(1943, The Archers)
“Can’t imagine anything more awful than to be a prisoner of war in England”
In 1930s Britain, a cartoon character emerged in one of the major papers, openly criticising the British establishment by being blundering, preposterous and full of hot air. Colonel Blimp was designed to be a satirical representation of British military officers who spoke with a great deal of authority on topics they didn’t understand and expressed very jingoistic views. In 1943, production team The Archers decided to develop this character further in a movie, exploring his life and expanding him into more than just a stereotype. And thus, The Life And Death of Colonel Blimp.
The Life And Death of Colonel Blimp focuses on Major-General Wynne-Candy (Roger Livesey), exploring his life through a series of lengthy flashbacks. Starting with his escapades in the Boer War in the early 20th century and leading through the World Wars, we witness his attempts to maintain a stiff upper lip in the face of complicated diplomatic incidents and his growing affection for a woman named Edith Hunter (Deborah Kerr), and how this affects his decisions. Read the rest of this entry
(1960, Michael Powell)
“Do you know what the most frightening thing in the world is? It’s fear”
We’ve talked about The Archers before. A British production duo consisting of Michael Powell and Emeric Pressburger, with Powell doing the directing and Pressburger doing the production, and the two of them sharing writing duties. Their films were typically very stuffy British movies about things like ballet and nuns.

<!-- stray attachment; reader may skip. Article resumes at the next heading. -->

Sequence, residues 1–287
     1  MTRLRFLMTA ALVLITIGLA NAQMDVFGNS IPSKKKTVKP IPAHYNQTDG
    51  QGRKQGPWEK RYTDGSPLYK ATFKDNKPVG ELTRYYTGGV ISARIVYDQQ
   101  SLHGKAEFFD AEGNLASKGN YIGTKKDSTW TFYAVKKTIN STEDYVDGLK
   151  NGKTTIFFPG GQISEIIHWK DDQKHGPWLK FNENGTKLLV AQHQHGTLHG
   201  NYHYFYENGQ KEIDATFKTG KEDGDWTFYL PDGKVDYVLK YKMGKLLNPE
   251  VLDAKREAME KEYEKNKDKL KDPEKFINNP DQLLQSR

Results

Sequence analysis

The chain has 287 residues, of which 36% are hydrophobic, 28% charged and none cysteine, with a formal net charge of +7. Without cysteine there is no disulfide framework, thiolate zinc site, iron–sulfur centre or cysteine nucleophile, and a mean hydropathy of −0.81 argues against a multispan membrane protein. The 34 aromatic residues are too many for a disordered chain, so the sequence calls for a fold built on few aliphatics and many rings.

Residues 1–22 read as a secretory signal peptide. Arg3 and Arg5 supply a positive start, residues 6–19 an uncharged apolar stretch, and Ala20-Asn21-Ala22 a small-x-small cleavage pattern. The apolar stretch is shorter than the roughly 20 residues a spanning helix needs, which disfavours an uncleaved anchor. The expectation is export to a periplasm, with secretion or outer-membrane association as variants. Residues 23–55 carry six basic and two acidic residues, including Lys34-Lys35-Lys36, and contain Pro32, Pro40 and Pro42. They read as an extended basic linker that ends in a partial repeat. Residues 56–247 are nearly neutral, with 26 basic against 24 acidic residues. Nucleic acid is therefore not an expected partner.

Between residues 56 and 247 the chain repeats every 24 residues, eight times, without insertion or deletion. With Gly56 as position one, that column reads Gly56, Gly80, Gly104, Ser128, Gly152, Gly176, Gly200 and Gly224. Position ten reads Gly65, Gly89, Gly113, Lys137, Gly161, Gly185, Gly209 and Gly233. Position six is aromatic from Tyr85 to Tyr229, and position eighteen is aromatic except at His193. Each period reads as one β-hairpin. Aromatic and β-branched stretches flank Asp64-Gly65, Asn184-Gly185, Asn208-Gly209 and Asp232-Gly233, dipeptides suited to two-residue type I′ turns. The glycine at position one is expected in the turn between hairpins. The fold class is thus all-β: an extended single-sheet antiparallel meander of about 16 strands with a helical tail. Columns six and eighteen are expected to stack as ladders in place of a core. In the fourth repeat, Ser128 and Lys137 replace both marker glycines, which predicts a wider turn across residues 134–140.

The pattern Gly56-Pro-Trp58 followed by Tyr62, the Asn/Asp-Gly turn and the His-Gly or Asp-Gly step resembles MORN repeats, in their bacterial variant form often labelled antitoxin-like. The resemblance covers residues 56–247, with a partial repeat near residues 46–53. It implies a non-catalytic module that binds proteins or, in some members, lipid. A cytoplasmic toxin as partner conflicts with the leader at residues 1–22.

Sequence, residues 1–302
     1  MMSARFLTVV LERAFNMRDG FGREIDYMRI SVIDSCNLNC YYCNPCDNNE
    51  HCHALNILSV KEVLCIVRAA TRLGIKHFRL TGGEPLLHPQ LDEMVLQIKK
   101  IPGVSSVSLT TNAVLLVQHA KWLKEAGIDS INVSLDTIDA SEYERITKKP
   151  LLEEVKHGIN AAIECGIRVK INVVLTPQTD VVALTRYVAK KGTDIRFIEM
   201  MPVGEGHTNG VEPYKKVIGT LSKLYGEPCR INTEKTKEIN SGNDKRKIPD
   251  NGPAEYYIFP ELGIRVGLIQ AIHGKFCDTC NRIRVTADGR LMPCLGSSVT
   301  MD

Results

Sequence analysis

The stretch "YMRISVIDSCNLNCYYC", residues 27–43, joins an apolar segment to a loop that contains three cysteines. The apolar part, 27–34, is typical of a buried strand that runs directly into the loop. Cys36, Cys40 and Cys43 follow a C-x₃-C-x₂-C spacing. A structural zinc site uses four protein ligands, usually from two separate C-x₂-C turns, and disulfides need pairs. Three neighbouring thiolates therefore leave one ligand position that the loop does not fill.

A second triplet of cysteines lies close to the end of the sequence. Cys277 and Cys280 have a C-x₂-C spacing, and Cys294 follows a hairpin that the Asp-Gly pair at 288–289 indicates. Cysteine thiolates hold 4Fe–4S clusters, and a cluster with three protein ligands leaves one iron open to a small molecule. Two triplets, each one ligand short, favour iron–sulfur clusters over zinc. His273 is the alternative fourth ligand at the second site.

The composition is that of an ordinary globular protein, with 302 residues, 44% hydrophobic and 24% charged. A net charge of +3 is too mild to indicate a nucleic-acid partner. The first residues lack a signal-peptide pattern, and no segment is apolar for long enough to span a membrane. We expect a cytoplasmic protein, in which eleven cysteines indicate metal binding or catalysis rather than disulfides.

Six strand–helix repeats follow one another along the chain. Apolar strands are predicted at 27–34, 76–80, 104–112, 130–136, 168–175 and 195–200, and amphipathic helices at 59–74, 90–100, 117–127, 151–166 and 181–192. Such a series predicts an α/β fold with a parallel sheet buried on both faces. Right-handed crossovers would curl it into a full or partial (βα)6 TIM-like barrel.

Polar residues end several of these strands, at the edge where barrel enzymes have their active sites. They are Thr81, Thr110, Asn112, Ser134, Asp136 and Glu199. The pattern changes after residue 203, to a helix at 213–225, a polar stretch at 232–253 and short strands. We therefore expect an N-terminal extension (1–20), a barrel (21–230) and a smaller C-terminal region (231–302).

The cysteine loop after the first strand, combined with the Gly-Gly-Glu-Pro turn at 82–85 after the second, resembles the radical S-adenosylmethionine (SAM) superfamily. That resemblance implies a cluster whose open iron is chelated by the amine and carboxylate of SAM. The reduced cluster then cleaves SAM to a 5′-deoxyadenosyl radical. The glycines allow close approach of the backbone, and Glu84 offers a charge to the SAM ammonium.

That was until Powell decided to go solo and make Peeping Tom, a movie about a serial killer. So a detective movie then? A Hitchcock-style thriller of mistaken identity? Well, not exactly. The serial killer is the protagonist, and this controversial choice caused the end of Powell’s directing career as a result of the backlash the movie received. Interesting. Let’s take a look.
Peeping Tom follows Mark Lewis (Carl Boehm), an amateur filmmaker in the process of making his secret masterpiece, a film about death that captures the expressions of women about to be murdered in gruesome detail. And how does he achieve these shots? Why, he goes out and kills women using a sharpened tripod, of course! Meanwhile, his neighbour Helen (Anna Massey) takes an interest in him and attempts to befriend him, unaware of his psychotic nature.
(1948, Michael Powell & Emeric Pressburger)
“A dancer who relies on the doubtful comforts of human love can never be a great dancer”
Ballet is an obsessive art, as has been pointed out many times over the years. One of the more recent works to demonstrate this was the excellent Black Swan, where Natalie Portman steadily lost her mind due to her obsessive dedication to her dreams of being a great dancer. But it’s not a new story. Back in 1948, The Archers produced a movie about ballet and tied it into Hans Christian Andersen’s cautionary tale of vanity, The Red Shoes.
The Red Shoes stars Moira Shearer as Victoria Page, a girl who wants to become a great ballet dancer. After being snapped up by top ballet producer Boris Lermentov (Anton Walbrook) where she is eventually cast as lead dancer in a ballet based on the aforementioned fairy tale. The music is being composed by a talented young composer named Julian Craster (Marius Goring), and he and Page begin a romantic affair. However, due to the demands of Lermentov, Page must choose between Craster and her career as a dancer.